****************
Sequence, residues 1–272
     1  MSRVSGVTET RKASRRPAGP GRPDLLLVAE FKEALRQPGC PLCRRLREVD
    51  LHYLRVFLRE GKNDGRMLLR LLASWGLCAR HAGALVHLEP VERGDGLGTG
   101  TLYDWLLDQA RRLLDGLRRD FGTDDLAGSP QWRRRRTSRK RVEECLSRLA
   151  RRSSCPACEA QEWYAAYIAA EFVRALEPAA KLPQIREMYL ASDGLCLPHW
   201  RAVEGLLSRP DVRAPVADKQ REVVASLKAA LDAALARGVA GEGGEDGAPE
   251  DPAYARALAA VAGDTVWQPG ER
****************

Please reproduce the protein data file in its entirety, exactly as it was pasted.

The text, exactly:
Sequence, residues 1–272
     1  MSRVSGVTET RKASRRPAGP GRPDLLLVAE FKEALRQPGC PLCRRLREVD
    51  LHYLRVFLRE GKNDGRMLLR LLASWGLCAR HAGALVHLEP VERGDGLGTG
   101  TLYDWLLDQA RRLLDGLRRD FGTDDLAGSP QWRRRRTSRK RVEECLSRLA
   151  RRSSCPACEA QEWYAAYIAA EFVRALEPAA KLPQIREMYL ASDGLCLPHW
   201  RAVEGLLSRP DVRAPVADKQ REVVASLKAA LDAALARGVA GEGGEDGAPE
   251  DPAYARALAA VAGDTVWQPG ER